Tim Ferriss: If you’re open to it, I would love to talk about challenging times. And I have no time in mind, in particular, but a lot of folks, and we only have a few questions left. I’m having fun. So, just a few questions.

Bob Metcalfe: I’m  having more fun than you are.

Tim Ferriss: Perfect. That makes me – well, this is tough because it then, reinforces the fun that I’m having. I’m not sure. Now, maybe I’m having more fun. But –

Bob Metcalfe: No, I’m having more fun than you are.

Tim Ferriss: It’s common, I think, for people listening to podcasts or reading a magazine profile to, at times, become very intimidated by figures they consider very successful. And they may assume that these people are hitting homeruns every time they step up to bat. Ae there any particular tough times or moments that you’d be willing to share? And, furthermore, what helped to get back on your feet or to regain your footing?

Bob Metcalfe: Well, I have no trouble with this. I have many of them. You accumulate them as time passes on. And I’m fond of saying – one of my favorite songs is New Kid in Town by the Eagles and JD Souther because I’ve been a has been a few times. I know how to be a has been because I’ve had some practice. I’m fond of saying I may be a has been, but it’s better than being a never was. But the story that comes to mind, I alluded to it earlier, relating to my bitterness toward Harvard University, which I should get over with, and I understand it’s a childish petulance sort of thing. But so, here I am working at MIT toward my degree at Harvard. And I submit a draft of my thesis intending to graduate in 1972, June.

And my thesis advisor encouraged this thought. And so, I went on a job talk tour. And I got nine job offers. And it was easy to get job offers because I was a networking guy, and networking was hot. So, universities thought that if they hired me, it would be easier to get grants from ARPA. So, I understand, it wasn’t me, it was the networking thing. But then, I turned down eight of the nine offers and accepted the one at Xerox Palo Alto Research Center, which is a hard choice. They offered me more money. I didn’t have to teach. I didn’t have to raise money. I could just enjoy Palo Alto.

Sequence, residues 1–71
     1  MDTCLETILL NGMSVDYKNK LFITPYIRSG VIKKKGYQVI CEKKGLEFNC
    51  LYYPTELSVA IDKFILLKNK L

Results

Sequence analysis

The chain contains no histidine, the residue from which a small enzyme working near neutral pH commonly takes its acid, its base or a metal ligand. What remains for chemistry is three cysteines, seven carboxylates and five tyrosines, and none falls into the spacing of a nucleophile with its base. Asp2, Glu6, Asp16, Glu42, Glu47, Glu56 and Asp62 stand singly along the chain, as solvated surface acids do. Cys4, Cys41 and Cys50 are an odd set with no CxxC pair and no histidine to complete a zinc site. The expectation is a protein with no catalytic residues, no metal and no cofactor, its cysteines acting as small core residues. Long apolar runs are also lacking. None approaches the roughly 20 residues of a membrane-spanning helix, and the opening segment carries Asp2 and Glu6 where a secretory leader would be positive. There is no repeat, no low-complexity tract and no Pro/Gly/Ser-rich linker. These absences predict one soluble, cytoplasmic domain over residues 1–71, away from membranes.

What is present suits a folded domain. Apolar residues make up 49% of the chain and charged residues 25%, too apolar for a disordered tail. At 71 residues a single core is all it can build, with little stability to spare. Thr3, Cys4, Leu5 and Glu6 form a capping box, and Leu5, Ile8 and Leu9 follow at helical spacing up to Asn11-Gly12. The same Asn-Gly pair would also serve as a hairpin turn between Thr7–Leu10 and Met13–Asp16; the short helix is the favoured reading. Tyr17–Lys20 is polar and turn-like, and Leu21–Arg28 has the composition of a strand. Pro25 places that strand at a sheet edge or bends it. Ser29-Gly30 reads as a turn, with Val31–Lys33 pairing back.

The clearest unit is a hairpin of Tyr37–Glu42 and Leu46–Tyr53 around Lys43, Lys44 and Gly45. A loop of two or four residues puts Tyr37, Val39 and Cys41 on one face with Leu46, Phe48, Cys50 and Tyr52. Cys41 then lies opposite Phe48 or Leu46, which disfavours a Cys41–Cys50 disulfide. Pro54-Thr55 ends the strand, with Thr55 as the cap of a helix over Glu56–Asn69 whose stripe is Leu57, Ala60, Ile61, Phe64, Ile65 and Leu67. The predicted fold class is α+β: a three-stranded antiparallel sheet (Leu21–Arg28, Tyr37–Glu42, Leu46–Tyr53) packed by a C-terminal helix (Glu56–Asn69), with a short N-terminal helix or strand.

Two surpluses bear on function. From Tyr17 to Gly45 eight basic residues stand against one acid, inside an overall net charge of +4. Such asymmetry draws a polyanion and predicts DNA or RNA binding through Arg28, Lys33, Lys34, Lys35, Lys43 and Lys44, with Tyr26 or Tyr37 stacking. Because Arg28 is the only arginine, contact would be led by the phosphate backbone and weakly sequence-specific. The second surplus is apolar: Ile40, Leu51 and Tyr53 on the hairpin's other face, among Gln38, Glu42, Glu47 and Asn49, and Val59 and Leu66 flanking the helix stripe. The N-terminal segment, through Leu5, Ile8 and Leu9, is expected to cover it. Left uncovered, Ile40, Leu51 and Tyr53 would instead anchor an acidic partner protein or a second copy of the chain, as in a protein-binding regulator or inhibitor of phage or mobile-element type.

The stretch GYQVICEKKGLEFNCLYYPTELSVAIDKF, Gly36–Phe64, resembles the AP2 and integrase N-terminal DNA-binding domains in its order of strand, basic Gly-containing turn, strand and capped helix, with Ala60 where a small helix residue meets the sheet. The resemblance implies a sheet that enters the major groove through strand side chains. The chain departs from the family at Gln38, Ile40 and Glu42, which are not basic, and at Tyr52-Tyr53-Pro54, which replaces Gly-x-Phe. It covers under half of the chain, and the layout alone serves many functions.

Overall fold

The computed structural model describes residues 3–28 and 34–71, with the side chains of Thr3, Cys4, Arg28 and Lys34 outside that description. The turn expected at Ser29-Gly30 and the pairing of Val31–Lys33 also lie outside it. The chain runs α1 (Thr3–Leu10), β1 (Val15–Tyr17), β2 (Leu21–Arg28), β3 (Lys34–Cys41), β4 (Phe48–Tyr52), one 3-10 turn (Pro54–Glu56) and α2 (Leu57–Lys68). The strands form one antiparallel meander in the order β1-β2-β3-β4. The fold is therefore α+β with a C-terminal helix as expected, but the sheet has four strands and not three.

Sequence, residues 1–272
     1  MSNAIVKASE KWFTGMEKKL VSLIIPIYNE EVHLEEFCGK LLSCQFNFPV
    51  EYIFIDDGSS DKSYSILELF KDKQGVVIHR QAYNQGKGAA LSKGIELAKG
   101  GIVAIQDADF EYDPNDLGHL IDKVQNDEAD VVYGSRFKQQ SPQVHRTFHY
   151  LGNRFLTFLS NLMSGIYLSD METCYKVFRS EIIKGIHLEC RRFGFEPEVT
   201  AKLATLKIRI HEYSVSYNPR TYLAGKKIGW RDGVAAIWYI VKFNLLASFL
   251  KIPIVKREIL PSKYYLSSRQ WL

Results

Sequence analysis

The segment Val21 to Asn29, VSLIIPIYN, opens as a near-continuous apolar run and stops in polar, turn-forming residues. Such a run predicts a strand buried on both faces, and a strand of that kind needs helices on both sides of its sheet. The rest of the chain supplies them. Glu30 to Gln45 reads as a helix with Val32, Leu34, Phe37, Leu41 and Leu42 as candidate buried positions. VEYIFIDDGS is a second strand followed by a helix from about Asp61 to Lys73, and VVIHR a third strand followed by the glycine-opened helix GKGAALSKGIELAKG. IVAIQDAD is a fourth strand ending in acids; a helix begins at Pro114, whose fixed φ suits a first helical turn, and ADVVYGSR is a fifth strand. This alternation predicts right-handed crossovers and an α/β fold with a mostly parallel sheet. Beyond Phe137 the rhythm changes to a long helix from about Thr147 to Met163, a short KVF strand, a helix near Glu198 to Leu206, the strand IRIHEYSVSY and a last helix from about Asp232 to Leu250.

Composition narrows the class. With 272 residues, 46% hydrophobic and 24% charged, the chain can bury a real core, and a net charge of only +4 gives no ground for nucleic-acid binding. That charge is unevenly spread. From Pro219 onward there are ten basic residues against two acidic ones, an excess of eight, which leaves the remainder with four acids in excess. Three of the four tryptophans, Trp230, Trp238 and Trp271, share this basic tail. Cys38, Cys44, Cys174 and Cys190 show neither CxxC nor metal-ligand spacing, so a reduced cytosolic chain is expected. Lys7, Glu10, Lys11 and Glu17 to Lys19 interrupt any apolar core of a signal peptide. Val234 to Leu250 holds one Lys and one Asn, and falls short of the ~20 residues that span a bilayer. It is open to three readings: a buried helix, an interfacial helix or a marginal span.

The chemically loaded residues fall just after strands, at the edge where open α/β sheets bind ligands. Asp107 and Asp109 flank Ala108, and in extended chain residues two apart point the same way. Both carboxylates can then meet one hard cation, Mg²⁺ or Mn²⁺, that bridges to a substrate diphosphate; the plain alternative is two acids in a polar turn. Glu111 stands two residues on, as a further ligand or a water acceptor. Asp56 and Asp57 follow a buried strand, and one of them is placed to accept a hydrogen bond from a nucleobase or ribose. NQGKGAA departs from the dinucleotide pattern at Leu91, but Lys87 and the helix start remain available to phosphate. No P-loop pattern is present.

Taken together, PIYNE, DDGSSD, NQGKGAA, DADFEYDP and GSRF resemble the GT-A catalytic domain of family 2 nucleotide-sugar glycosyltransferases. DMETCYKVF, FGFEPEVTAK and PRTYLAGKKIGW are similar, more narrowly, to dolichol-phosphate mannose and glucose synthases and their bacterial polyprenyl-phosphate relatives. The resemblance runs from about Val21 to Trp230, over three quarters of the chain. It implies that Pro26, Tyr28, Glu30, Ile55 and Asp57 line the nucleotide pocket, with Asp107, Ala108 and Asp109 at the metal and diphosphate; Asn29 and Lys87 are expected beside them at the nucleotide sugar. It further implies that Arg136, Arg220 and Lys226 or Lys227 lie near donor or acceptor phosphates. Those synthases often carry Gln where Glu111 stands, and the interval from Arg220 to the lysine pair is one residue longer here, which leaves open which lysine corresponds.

And I was a big Beach Boys fan, so I was sure that was related. And I notified my parents whose life’s dream was that their son would go to college. And here he was getting a Harvard PhD, and I was inviting them to the Harvard Yard for the event. And my then wife, may she rest in peace, resigned her job at MIT as an administrator there.

And she got a job at Stanford. It was all set up. And oral defense of my thesis was two weeks before graduation. And I went in there. And you give your pitch. And then, you leave the room. And then, they talk to each other. And then, you come back, and they invite you back in. And then, they shake your hand and congratulate you on being a PhD, only that’s not what happened. I walked back in here, and they told me that my thesis was deficient and that I was not going to get my PhD. So, I called Xerox who had hired me on a PhD job talk.

And Bob Taylor there, may he rest in peace, said, “Oh, why don’t you come out anyway, and you can finish your thesis here?” Oh, wow, super. The hard call was to my parents, which is don’t come to Harvard Yard because it’s not happening. So, that was a horrible, horrible – that’s my New York accent there. Horrible thing to happen. And that was only the tenth thing that caused me to hate Harvard. And it was a pretty big one. So, that was pretty gruesome because everyone finds out about it, and then, you failed. And there’s a good chance you’ll never get your PhD, if you fail your defense. I lucked out. I invented ethernet. And, in the course of inventing ethernet, I wrote a chapter of my thesis that satisfied Harvard that my thesis was sufficiently novel that I could graduate. So, how is that one? Does that answer your question? There’s many more.